The starting point of the most recent walk was the Kranji Level Crossing close to Woodlands Train Checkpoint.

A view of the tracks through the signal hut.

Label plates on the crossing's control levers.

The new railway passing over a stretch of the old railway at Kranji.

A damsel in distress? A damselfly seen along the northern green corridor.

Wild flowers growing by the wild side of the tracks.

Orange bracket fungus growing by the side of the tracks.

It is sad to think that all this might soon be gone, and while the signs are encouraging with the news that the Minister of State for National has come out and stated the Ministry’s interest in the proposals, chances are that many areas through which the railway runs through is really too valuable from a developmental point of view not to be sold to the highest bidder – which I hope is not to be the case. There are but two weeks left for us to see the wonderful green corridor as it is and probably as it has been for some 79 years when the railway deviation of 1932 gave us the line as we know today. And, just a note of caution if you are to explore the railway corridor on your own – the land is essentially private property, and walking on or along the track is extremely dangerous (as well as carrying the risk of a fine). Trains can be deceptively quiet and walking on the track or along it is not recommended especially for children – a distance of some 3 metres should always be maintained (moving trains have the effect of creating a low or suction pressure as the pass at speed) and always pair up and do make it a point to look out for each other. Do also remember that proper (and covered) footwear is necessary.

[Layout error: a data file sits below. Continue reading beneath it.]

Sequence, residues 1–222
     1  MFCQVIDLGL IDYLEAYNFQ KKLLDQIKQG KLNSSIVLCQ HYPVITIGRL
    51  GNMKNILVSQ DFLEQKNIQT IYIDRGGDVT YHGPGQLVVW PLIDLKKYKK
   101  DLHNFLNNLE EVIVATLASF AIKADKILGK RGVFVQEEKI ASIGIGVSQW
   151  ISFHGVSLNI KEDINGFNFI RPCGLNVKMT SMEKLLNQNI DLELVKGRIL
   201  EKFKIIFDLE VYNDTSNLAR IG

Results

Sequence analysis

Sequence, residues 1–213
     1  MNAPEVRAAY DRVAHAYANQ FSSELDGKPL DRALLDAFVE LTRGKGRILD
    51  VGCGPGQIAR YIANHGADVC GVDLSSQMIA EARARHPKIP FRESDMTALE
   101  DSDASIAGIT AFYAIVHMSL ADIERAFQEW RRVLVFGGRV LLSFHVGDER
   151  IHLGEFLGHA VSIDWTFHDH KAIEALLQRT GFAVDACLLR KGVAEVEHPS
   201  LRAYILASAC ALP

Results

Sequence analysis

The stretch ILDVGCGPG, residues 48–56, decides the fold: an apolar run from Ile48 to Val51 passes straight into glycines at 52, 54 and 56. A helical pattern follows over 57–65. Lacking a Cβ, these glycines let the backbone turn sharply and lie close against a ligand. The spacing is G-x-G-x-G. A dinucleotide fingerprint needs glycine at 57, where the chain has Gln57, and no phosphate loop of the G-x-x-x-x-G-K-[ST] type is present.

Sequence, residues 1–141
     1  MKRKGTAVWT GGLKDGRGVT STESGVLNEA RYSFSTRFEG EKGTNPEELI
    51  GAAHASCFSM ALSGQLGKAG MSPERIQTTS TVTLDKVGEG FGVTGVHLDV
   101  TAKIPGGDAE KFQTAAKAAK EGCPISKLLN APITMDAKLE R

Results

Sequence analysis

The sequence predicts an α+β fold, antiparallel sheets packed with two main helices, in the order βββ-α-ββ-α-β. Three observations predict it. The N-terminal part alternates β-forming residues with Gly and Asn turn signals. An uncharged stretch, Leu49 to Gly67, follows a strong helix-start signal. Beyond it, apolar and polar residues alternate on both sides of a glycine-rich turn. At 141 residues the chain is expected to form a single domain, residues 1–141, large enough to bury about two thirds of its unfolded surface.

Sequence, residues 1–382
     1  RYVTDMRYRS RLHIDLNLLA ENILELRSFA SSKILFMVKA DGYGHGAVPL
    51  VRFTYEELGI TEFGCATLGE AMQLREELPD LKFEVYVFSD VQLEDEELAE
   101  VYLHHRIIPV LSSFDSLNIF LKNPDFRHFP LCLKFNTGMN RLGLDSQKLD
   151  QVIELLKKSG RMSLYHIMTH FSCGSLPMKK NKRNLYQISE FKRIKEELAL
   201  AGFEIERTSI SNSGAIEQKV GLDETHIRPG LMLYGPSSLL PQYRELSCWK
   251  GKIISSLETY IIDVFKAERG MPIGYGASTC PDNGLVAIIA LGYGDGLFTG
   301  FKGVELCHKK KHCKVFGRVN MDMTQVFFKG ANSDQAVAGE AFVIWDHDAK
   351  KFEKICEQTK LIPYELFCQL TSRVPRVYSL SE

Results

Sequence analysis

A directional sign to the zoo seen through a clearing.

The approach to Sungei Kadut.

A view of the luscious greenery near Sungei Kadut.